"The examples demonstrate the lack of evidence for the "borrowing" theory. Zoroaster's dates are somewhere between 660 and 541 B.C.E.--well over half a millennium after Moses. No scholar dates the rise of Israel's monotheism that late. Zoroastrianism is therefore disqualified as an influence. Even without the conclusive discrepancy in dating, Zoroastrianism's tendency towards dualism (belief in two independent powers standing in opposition) is a far cry from the monotheism of biblical faith."

Click HERE for more information


#17

[quote="Wandile, post:16, topic:302287"]

"The examples demonstrate the lack of evidence for the "borrowing" theory. Zoroaster's dates are somewhere between 660 and 541 B.C.E.--well over half a millennium after Moses. No scholar dates the rise of Israel's monotheism that late. Zoroastrianism is therefore disqualified as an influence. Even without the conclusive discrepancy in dating, Zoroastrianism's tendency towards dualism (belief in two independent powers standing in opposition) is a far cry from the monotheism of biblical faith."

[/quote]

Um, that source appears to presume the Biblical account of Moses and the Hebrew exile is historic, a claim that is problematic.


#18

[quote="Wandile, post:16, topic:302287"]
I think a number of people are confused over here. The idea that Zoroastrianism influenced Judaism with regards to Monotheism is a poor and a highly unfavoured theory by scholars. :tsktsk:

"The examples demonstrate the lack of evidence for the "borrowing" theory. Zoroaster's dates are somewhere between 660 and 541 B.C.E.--well over half a millennium after Moses. No scholar dates the rise of Israel's monotheism that late. Zoroastrianism is therefore disqualified as an influence. Even without the conclusive discrepancy in dating, Zoroastrianism's tendency towards dualism (belief in two independent powers standing in opposition) is a far cry from the monotheism of biblical faith."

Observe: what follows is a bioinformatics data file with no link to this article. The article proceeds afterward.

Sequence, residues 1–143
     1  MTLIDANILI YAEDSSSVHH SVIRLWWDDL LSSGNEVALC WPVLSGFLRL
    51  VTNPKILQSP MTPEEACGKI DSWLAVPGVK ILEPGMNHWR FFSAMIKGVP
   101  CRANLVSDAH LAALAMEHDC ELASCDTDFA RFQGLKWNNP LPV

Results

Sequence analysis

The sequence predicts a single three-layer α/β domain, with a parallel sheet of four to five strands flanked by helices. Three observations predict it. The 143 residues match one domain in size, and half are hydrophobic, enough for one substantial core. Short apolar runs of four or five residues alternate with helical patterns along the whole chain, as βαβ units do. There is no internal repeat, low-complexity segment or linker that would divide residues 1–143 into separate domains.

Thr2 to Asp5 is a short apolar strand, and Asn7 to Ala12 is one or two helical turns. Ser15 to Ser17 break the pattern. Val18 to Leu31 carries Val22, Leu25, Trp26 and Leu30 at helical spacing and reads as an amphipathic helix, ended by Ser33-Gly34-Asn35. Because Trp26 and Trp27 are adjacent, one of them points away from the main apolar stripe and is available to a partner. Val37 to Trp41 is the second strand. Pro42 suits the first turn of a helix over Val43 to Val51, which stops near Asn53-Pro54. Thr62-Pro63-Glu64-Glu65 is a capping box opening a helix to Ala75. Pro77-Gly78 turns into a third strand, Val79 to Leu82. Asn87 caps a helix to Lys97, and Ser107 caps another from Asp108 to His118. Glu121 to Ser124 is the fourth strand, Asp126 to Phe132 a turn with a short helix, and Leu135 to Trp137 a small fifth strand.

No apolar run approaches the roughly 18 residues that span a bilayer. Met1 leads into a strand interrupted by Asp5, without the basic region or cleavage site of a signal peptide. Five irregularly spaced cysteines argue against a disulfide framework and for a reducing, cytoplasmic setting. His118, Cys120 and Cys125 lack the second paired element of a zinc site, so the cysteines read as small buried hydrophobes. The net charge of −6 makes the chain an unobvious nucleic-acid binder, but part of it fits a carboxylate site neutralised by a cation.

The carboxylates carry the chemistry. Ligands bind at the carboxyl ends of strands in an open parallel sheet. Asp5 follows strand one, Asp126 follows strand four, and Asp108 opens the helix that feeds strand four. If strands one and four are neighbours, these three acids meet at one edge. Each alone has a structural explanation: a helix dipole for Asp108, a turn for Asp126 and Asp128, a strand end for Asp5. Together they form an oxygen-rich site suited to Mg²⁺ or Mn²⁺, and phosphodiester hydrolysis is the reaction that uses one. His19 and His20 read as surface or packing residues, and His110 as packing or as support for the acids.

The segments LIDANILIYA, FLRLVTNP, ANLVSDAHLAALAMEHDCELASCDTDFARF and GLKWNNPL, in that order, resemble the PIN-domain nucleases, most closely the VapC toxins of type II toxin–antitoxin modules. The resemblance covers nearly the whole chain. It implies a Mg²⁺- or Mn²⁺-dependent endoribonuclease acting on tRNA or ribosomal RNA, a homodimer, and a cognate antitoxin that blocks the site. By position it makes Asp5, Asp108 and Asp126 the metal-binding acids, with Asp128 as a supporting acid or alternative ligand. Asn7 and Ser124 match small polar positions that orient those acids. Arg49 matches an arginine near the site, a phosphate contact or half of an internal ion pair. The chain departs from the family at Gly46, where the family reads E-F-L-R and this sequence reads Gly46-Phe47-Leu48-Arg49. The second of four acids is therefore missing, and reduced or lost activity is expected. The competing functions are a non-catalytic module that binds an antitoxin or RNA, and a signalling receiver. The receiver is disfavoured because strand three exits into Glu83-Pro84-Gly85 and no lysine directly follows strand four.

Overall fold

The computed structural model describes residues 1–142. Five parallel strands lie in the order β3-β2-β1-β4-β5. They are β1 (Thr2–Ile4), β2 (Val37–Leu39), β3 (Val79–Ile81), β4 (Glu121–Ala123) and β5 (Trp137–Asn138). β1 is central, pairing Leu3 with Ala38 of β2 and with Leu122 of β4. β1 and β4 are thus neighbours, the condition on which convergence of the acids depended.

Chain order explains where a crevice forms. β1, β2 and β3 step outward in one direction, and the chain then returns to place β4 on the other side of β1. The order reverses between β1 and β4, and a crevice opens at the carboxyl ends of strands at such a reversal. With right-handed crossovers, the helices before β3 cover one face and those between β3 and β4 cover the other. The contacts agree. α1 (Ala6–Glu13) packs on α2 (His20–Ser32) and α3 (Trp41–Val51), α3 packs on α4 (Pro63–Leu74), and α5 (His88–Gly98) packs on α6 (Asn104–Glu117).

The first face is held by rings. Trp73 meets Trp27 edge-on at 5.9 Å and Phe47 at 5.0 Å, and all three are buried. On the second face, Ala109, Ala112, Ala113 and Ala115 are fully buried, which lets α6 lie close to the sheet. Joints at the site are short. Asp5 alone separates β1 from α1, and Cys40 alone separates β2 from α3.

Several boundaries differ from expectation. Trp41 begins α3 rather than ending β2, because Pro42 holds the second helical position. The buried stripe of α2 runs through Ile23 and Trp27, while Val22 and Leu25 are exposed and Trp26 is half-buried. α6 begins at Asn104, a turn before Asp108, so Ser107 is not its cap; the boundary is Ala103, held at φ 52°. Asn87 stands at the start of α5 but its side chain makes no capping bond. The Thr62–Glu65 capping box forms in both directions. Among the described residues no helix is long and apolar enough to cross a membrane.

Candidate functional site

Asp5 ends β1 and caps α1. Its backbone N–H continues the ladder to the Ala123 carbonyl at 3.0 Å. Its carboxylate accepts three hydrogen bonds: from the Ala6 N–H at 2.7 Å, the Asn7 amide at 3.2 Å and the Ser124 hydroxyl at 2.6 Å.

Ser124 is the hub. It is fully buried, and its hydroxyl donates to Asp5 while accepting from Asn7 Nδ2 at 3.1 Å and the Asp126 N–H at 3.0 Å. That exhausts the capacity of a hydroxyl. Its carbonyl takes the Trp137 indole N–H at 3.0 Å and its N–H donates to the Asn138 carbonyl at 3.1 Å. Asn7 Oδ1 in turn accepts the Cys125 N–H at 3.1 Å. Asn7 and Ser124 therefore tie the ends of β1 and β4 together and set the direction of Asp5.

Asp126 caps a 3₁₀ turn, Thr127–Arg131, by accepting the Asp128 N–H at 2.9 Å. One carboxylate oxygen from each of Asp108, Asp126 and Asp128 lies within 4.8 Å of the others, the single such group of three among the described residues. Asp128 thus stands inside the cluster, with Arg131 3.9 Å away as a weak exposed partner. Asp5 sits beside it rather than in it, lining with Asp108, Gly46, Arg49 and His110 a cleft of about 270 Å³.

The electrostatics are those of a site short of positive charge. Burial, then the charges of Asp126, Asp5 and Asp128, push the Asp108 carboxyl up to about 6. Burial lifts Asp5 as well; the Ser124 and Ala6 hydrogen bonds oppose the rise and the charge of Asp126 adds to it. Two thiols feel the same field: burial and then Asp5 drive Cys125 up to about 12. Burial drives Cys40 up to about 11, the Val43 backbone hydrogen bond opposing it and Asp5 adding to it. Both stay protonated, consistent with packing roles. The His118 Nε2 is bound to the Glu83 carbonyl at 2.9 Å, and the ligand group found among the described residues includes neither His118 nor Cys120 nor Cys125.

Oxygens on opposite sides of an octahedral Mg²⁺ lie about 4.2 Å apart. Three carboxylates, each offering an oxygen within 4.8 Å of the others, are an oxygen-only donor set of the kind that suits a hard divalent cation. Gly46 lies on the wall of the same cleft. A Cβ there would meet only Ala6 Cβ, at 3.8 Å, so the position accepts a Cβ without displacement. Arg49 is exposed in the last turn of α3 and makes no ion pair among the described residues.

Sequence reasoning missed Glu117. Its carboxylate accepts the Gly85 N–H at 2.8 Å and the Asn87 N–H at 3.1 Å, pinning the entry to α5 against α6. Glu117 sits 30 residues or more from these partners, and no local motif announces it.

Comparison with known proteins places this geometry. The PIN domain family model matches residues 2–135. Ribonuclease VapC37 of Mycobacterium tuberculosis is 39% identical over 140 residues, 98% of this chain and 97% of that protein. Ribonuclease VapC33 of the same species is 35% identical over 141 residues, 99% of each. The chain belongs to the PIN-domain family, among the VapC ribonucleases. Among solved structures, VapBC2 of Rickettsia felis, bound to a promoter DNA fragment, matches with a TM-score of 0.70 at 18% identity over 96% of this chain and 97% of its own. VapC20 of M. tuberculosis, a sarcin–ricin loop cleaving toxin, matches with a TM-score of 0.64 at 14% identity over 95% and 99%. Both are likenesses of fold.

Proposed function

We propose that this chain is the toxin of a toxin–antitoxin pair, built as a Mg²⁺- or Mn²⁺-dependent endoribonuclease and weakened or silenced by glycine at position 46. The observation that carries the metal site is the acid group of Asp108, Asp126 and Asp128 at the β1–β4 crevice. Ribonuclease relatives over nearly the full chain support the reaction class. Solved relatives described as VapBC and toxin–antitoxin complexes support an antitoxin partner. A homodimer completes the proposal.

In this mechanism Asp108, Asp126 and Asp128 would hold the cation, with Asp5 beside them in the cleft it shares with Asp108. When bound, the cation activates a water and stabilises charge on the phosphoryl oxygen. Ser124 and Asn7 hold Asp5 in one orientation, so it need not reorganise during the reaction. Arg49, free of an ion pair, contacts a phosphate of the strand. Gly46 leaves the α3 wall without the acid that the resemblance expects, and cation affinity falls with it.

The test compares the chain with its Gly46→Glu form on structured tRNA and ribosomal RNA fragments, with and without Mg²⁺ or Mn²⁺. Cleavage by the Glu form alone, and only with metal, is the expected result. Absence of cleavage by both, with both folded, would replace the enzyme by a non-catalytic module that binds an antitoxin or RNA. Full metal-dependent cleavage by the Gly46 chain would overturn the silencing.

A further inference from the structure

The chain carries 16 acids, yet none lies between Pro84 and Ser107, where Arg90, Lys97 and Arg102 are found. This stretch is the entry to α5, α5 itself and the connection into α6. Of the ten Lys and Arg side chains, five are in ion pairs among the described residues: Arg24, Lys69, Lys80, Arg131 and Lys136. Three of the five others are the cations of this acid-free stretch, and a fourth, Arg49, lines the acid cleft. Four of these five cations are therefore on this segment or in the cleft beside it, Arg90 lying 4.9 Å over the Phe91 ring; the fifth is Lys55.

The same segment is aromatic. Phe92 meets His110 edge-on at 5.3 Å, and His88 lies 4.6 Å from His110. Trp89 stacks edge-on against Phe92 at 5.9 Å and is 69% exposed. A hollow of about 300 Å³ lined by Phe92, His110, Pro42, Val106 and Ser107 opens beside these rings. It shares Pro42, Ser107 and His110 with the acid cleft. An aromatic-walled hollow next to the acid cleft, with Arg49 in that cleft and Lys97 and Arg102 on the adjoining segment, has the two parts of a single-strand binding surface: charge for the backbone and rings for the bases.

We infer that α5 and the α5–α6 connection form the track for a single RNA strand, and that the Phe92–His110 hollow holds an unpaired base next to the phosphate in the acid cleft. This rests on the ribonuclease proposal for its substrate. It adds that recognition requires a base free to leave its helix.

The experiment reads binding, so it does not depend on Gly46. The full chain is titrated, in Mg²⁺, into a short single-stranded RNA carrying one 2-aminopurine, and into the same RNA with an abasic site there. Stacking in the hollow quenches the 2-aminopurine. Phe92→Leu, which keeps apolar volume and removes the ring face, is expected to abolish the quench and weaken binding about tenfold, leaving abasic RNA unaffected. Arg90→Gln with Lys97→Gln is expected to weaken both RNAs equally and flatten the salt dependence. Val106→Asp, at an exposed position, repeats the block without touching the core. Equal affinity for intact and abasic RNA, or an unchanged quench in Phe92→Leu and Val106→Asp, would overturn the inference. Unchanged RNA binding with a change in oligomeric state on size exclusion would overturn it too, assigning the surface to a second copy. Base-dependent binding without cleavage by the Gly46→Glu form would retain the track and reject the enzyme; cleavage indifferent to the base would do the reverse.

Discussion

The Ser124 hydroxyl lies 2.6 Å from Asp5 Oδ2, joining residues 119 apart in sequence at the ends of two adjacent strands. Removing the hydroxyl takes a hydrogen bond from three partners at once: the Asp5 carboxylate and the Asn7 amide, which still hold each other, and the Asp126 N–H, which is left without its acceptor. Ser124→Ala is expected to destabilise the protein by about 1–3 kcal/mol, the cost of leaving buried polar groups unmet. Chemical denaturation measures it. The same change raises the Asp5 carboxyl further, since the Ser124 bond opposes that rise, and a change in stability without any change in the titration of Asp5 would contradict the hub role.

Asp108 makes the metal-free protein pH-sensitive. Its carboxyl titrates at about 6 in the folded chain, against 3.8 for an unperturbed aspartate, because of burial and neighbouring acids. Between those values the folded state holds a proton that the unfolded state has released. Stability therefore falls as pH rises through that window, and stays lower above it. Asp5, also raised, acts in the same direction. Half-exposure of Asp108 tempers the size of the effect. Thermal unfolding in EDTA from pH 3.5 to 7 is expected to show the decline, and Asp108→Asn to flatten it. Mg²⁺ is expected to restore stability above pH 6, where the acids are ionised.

Click HERE for more information

[/quote]

From Wikipedia:

The date of Zoroaster, i.e., the date of composition of the Old Avestan gathas, is unknown. Classical writers such as Plutarch proposed dates prior to 6000 BC.[9] Dates proposed in scholarly literature diverge widely, between the 18th and the 6th centuries BC.

6th century is the traditional date.


#19

[quote="pmccombs, post:17, topic:302287"]
Um, that source appears to presume the Biblical account of Moses and the Hebrew exile is historic, a claim that is problematic.

[/quote]

A claim that has some weight to it, mind you. The claim cannot simply be dismissed because it comes from the bible. The bible too, has to be given some credit.

Secondly there exists some storng evidence for the exodus. But I do not want to derail the thread.:shrug:


#20

[quote="Wandile, post:16, topic:302287"]
Even without the conclusive discrepancy in dating, Zoroastrianism's tendency towards dualism (belief in two independent powers standing in opposition) is a far cry from the monotheism of biblical faith."

[/quote]

Look a little more carefully at that bit...

Zoroastrianism's definition of Ahura Mazda is actually as a universal, uncreated, and transcendent deity. [Sound familiar?]

Angra Mainyu is only a mere "principle," opposed by the Spenta Mainyu through which the transcendent Ahura manifests its will.

The type of dualism which you are speaking of is more reminiscient of the Followers of Mani/Manichaeism.